It’s synonymous with the 1980s, and it has taxed the minds of hundreds of millions across the world. We’re talking, of course, about the Rubik’s Cube- if you don’t know what it is, then you must have been living on Mars for the last few decades. But how many of us actually know where the Rubik’s Cube actually comes from? To educate you, we’ve put together this bite-sized history of the world’s most beloved puzzle!

Birth of a Brainteaser

As the name suggests, the Rubik’s Cube was invented by Erno Rubik from Hungary in 1974. While nowadays the Rubik’s Cube is seen solely as a fun toy, it actually was intended for more serious use. Rubik was an architect, who wanted a way to explain 3D geometry. However, once he had put the cube together, he found a problem- he couldn’t put the pieces back together properly! What was intended as a simple demonstrational tool turned out in practice to be a tricky puzzle.

Even though the Cube clearly wasn’t suitable for its intended purpose, Rubik found himself hooked. He spent the following month trying to solve it, and eventually he managed it by first solving the corners of each side. It’s a miracle that he managed it, since there are 43 quintillion different ways the cube can be arranged!

While Rubik knew he had a future hit on his hands, it took a few years for the Cube to reach a wider market. At the time, Hungary was still under Communist rule, so it wasn’t until 1979 that he was able to display it at the Nuremberg Toy Fair in 1979. It was quickly spotted by the Ideal Toy Corp as a great idea, and they licensed it the following year.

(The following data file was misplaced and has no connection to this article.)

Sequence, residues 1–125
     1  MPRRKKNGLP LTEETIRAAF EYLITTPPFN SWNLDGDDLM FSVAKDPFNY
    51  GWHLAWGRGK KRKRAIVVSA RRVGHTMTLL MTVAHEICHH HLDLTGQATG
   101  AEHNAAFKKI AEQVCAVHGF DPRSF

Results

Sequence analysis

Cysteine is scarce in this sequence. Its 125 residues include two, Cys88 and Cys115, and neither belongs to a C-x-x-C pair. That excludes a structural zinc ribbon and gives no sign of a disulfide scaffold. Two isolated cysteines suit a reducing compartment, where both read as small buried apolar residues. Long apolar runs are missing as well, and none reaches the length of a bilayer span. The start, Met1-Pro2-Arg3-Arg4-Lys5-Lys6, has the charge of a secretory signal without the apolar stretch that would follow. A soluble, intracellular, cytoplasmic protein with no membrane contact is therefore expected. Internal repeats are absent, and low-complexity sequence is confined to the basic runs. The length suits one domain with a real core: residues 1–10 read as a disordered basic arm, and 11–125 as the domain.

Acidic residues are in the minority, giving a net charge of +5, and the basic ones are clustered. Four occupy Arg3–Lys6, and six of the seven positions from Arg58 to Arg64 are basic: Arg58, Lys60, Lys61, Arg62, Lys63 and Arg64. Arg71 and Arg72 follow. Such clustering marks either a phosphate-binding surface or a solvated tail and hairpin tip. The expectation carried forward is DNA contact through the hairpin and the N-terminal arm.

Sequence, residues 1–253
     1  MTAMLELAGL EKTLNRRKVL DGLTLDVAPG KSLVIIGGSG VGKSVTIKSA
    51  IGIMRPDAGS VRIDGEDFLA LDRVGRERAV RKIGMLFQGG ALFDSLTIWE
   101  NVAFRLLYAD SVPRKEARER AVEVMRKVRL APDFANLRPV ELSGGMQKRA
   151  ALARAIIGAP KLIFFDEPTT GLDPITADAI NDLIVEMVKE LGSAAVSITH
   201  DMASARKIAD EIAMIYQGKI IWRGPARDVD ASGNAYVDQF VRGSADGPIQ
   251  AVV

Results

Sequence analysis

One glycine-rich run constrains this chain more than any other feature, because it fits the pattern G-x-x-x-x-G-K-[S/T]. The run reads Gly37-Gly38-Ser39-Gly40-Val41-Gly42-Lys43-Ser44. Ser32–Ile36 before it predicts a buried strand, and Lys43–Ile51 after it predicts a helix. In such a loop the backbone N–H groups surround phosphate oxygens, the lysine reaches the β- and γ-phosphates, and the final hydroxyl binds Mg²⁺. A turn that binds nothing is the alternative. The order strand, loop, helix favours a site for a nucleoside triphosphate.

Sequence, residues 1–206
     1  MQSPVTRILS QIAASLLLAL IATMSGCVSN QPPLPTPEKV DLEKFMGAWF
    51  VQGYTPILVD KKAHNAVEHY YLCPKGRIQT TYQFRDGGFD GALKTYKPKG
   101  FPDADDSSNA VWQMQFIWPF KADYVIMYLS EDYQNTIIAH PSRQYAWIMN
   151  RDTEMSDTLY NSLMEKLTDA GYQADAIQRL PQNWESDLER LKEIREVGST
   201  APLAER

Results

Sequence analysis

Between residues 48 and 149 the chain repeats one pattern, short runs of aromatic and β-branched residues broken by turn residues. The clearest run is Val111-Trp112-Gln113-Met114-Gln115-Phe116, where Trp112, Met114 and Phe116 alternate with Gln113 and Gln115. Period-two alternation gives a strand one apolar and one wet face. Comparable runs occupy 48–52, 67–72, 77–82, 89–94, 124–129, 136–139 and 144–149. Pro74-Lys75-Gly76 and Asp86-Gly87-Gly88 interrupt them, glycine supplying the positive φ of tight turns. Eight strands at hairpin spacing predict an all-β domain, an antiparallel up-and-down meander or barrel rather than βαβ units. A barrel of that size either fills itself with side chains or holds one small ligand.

Initially, Rubik had named his puzzle the “Magic Cube”, and it was quite a bit heavier than the toy we now know and love. Ideal Toys made it lighter, and considered calling it the “Gordian Knot” or “Inca Gold”. Eventually, though, they decided that Rubik himself should take the glory for his wondrous invention, and it was given its final name- the Rubik’s Cube!

The Biggest Puzzle In The World

It was in the early 1980s that the Rubik’s Cube became an international phenomenon. Thanks to a widespread marketing campaign from Ideal Toys, the Cube craze swept the globe, and between 1980 and 1983, around 200 million of them were sold. People soon found out that the Cube had got the better of them, and savvy publishers took advantage by producing how-to guides to help people solve the puzzle. At the height of the Rubik’s Cube craze in 1981, an incredible three different books on how to solve the Rubik’s Cube were listed in the New York Times’ bestseller list!

So-called “speedcubing” has been around almost as long as the Cube itself. The first speedcubing competition was held in Munich in 1981, organized by the Guiness Book of Records. The craze died down the following year, but like so many icons of yesteryear, it’s made a comeback. A steady stream of speedcubing tournaments have been held since 2002, and sales figures reached 15 million in 2008. Part of this resurgence in popularity can be put down to the internet, as Rubik’s Cube fans from across the world share strategies with each other and show off their speedcubing skills.

If you find the standard 3x3x3 cube a bit too easy, then you could always try something more challenging. In 2003, Greek inventor Panagiotis Verdes created cubes ranging from a formidable 5x5x5 configuration to a next to impossible 11x11x11 version. It’s clear that the Rubik’s Cube is just as popular as ever, and it continues to confound new generations of puzzle fans to this day.

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